Wireless Solution Sweden AB’s W-DMX™ got a standing ovation from the lighting crew of this summer’s Festival d’Avignon, an annual drama, dance creation and stage performance festival held in the French city of Avignon. Founded in 1947 by Jean Vilar, it is the oldest existing festival in France and is widely regarded as the world’s greatest.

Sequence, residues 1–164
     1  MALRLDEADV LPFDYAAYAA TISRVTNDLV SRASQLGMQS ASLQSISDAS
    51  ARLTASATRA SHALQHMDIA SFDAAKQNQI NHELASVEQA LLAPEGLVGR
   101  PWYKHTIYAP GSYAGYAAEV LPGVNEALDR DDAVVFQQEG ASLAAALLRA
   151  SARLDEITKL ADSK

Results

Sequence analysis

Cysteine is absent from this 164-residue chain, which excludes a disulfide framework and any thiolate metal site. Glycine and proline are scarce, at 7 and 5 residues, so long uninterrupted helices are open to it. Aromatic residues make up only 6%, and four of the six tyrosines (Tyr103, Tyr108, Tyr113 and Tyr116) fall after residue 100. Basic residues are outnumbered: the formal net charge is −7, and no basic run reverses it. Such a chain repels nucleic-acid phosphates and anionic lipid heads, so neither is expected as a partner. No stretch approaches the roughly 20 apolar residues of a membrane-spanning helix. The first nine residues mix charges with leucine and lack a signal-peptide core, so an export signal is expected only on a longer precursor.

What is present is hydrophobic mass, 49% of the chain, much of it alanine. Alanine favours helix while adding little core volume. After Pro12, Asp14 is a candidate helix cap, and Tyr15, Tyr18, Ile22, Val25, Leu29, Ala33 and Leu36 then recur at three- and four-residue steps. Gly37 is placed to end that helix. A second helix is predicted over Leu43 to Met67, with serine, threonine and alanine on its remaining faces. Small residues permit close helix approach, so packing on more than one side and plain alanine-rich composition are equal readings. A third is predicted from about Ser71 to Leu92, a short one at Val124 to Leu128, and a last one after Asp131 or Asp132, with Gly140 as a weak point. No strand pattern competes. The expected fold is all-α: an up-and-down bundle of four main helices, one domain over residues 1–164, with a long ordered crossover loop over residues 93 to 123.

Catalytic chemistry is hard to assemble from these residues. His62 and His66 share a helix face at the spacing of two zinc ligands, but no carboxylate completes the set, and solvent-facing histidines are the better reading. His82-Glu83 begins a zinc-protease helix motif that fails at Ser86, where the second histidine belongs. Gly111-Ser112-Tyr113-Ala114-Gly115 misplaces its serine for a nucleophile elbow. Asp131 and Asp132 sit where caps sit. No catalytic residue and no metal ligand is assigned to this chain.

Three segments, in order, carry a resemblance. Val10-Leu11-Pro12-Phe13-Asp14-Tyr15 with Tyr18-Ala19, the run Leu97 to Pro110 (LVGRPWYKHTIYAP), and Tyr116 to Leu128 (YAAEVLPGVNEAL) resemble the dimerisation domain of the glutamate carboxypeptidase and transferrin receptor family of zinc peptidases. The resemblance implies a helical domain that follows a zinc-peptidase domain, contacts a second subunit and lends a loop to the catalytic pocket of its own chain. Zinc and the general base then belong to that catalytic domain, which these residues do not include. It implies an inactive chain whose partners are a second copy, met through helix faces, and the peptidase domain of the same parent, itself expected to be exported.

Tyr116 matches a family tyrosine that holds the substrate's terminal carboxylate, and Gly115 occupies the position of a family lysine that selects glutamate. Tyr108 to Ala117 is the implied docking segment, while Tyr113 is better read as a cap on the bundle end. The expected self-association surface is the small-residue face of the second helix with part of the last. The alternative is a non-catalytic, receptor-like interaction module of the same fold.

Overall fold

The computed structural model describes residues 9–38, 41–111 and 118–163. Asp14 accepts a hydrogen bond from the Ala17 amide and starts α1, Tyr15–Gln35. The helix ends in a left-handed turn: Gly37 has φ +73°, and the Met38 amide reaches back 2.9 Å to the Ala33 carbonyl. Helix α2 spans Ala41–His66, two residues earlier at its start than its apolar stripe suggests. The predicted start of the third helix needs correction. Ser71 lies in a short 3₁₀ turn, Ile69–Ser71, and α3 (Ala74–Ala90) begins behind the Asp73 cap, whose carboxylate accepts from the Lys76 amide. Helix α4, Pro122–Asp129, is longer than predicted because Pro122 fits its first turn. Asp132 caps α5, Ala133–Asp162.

The theatre festival is a major component of Avignon, where tradition and innovation are constantly intermingled between the majestic walls of its most famous stage: the court of honor of Pope’s Palace. Lighting Manager Philippe Catalano collaborated on the festival’s technical direction with Philippe “Pilou” Roy as second desk operator and network manager for Romeo Castelluci’s Inferno from Dante’s Divine Comedy. Philippe Roy was in charge of the dramatic fireball scene, a very special effect on the upstage wall of the famous court of honor. The wall is part of a majestic edifice of more than 40 meters (130 feet) width and 20 meters (65 feet) high with 28 windows of various sizes. The idea is to give the impression of a free-moving ball of fire behind all the windows, so that spectators believe there is nothing but void behind the wall. Of course, nothing is supposed to actually burn inside the palace. There is no possibility to knock down walls, corridors, stairs or vaulting that make the place a masterpiece of gothic art and an incredible 3D labyrinth. The palace is tremendous and was never planned to host live shows. The walls are very high, there are no rigging points, dozens of corridors, spiral staircases and plenty of safety challenges, plus the structures were never designed to support lighting or truss. This fireball effect requires the projection of a light beam from the inside of the wall to 26 windows, with the beams being able to move very quickly to give the impression of a free-moving ball behind the wall. The source needed to be Halogen for the graduation and color temperature. As there is only a shallow depth behind the windows, moving heads were not a good choice, since they would not move fast enough, plus there needed to be one source behind each window for the final dazzling effect. The solution was an ETC Source Four profile with 25° field angle combined with a motorized moving mirror. A very small diffuser was used on the fixture and the stained glass windows gave a very convincing Gothic frost. Obviously, a wired DMX or ethernet network in those conditions would be a nightmare, especially when using a motorized light source behind almost every window. The solution was W-DMXTM from Wireless Solution. They used 2 W-DMX transmitters and 13 W-DMX receivers on two different networks. Philippe Catalano uses one transmitter and two receivers for the general scenic system and Roy uses one transmitter and 11 receivers for fireball effect. Those 11 receivers deliver DMX to the 26 dimmers, to the moving mirrors and to the only Revolution moving head spread across the palace. Philippe Roy explained, “W-DMX answers to the wholeness of the network. The transmitter is plugged directly into the Congo Junior and all of my fixtures are driven by the receivers. The system worked perfect! I just plugged in the receiver at the end of the wire, without begging myself questions and everything was immediately OK. The LED bargraph gives an instant visualization of the reception and every time it was green [full strength]. We only needed the 3db standard antenna. The networks were fully independent.” This was not Philippe Catalano’s first experience with W-DMX. In fact, he also used it in a very clever way at Presence Pasteur, one of the most famous places at the Avignon Off Festival. As Lighting Designer on Vincent Goethal’s Bureau National des Alogènes, he was required to control the lights built into a special costume on 5 different channels: 2 amber LEDs, 2 cold white LEDs and an optical fiber gown. The electrical supply was a battery pack, graduation made through Tigram dimmers and the DMX is of course transmitted with a modified W-DMX unit, which consisted only of a motherboard and antenna. The receiver was nested in a small rigid plastic case, supplied with a 9V battery, with the connection changed in the RJ45 to drop the weight further. It was then built into a tiny backpack hidden behind the actress’ gown. AVAB France supplied the W-DMX system for the festivals. Jean Louis Pernette of AVAB remarked, “It was definitely not an ‘Inferno’ working with Wireless Solution! It was paradise, working perfect from day one and during the entire Festival. We can easily conclude that W-DMX is adaptable to either an intricate costume alteration, all the way up to managing the strength of Gothic architecture.” W-DMX by Wireless Solution Sweden AB is the number one system on the market for Wireless DMX, winning awards at major trade shows on both sides of the Atlantic. Lighting & Sound International magazine proclaimed that W-DMX “outshone the rest” in an independent test, “The Great Wireless Shootout”. It has been used in high profile projects all over the world, including the Céline Dion World Tour, the Pyramids of Giza, Times Square in New York City and on the world’s largest ferris wheel, the Singapore Flyer.
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